Despite one of team S&TS working in the industry, trend forecasting is one of those disciplines that I’ve never fully grasped. So when Helen’s company, mode…information Ltd held an open day recently I went along to try and find out what that mysterious concept really means for the fashion industry.
‘Trend Forecasting is the art of predicting and analysing trends,’ Helen told me. ‘Not only in fashion, but for lots of other areas like politics, consumer behaviour and economics.’ In terms of fashion specifically, trend forecasters examine garment and colour trends, producing reports on clothing trends that are happening across the globe and making predictions up to two years in advance as to what direction retailers will be going in. Remember that scene in The Devil Wears Prada when editor Miranda Priestly explains how the cerulean blue sweater Andrea’s wearing was essentially dictated by fashions shown of the catwalks years ago before the colour eventually showed up on the high street? Well, trend forecasting facilitates that kind of movement.
Who are the main trend forecasters/analysts?
They’re usually based in the major fashion capitals. Carlin International in Paris is the oldest trend forecasting firm, while Fashion Snoops is the big name in New York and A+A is Milan-based. The major players in London are Trend Bible and Mix Trends and Dcipher.
Where do they research trends?
They draw inspiration from all areas of society – subcultures, street style, music, film, art, politics and more – then produce retail reports detailing emerging trends on the shop floor and at fashion industry trade shows. But it’s not just a case of taking a bunch of pictures and sticking them in a book, says Helen: ‘It takes years of experience and a massive amount of intuition. It’s not an exact science, which is why some of the most experienced trend forecasters, who have been in the game for years, can charge exceptional amounts of money for their expertise.’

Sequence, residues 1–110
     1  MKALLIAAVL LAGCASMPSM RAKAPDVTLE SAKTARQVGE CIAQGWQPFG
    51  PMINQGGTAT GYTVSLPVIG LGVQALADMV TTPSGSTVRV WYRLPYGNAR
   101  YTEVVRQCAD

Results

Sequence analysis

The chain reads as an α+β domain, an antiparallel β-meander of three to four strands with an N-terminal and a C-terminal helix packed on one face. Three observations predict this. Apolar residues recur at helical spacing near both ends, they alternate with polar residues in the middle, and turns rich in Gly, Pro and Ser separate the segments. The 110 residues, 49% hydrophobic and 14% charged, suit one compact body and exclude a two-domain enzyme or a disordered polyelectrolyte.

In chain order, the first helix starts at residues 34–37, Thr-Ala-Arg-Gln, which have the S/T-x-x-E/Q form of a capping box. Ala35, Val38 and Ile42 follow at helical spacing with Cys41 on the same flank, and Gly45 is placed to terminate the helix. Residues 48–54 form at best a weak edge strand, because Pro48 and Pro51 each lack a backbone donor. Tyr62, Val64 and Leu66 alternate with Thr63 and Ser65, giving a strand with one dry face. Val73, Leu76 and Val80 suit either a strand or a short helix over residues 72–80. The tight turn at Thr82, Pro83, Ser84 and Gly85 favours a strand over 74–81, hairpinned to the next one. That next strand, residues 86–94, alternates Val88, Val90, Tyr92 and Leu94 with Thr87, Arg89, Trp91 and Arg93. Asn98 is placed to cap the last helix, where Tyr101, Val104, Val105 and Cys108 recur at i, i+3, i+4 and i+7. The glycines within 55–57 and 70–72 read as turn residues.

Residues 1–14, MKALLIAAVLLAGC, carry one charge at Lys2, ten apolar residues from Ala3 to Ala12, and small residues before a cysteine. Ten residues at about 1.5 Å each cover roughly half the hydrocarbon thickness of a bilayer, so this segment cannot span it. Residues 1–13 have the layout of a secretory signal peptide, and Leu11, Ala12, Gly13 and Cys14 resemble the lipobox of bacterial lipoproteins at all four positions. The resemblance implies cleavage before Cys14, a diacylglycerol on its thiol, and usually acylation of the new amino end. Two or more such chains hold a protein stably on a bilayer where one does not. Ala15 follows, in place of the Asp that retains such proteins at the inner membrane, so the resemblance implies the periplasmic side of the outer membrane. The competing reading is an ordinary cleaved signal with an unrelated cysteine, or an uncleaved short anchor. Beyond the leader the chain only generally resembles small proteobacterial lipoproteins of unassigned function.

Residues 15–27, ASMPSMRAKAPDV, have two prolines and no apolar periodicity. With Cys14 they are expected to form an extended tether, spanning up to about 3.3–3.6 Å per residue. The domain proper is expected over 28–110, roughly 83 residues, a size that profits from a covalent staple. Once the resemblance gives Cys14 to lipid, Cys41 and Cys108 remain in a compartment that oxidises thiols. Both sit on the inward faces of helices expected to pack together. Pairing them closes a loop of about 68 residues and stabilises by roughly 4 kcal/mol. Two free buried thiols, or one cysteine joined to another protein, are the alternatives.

How do they effect future trends?
This is where companies like Mode Information come in. They sell trend books (the huge publications that the forecasters produce), graphics books and industry magazines to a huge range of customers. Creative teams, designers and buyers from well-known high street retailers use these reports for inspiration and guidance for their design teams. The spring/summer 2014 trend reports will be arriving soon, ready for designers to start work on deciding what you’ll be wearing in two years time. It’s a bit mind-boggling isn’t it?
How does colour trend forecasting work?
That’s a whole other kettle of fish, dominated by king of colour, Pantone. You know those little Pantone colour swatches that have been turned into mugs and notepads and lots of other novelty things? Their primary use is by designers who want to decide what colours to use in their designs. Helen tells me: ‘The human eye can differentiate between 16 million different colours, but Pantone have created 2100 colours in their Fashion and Home assortment, which is the main range the fashion industry uses – and they’re creating more all the time.’ Design houses will usually have a big Pantone book in the studio which they use as a reference guide. By big, I mean they can cost more than £3500 a pop and contain files of thousands of different swatches. Pantone also produces a colour forecasting trend book each season. It’s very popular because it displays all the predicted colour trends in categories from apparel and makeup to homeware.
If 2100 colours aren’t enough, they can use Pantone’s bespoke service to create a brand new unique colour. That’s what Jay-Z did in 2007 to create Jay-Z blue for a car he endorsed. You can bet Christian Louboutin wished he’d done the same for his famous red soled shoes. Because he used an existing Pantone red, his copyright infringement claims against YSL fell apart in court.
So there you have it, a beginners guide to trend forecasting. There’s a whole lot more you can learn though. I find Pantone’s work particularly fascinating – check out this video which shows how they created a swatch of the colours of the Queen’s outfits over 60 years.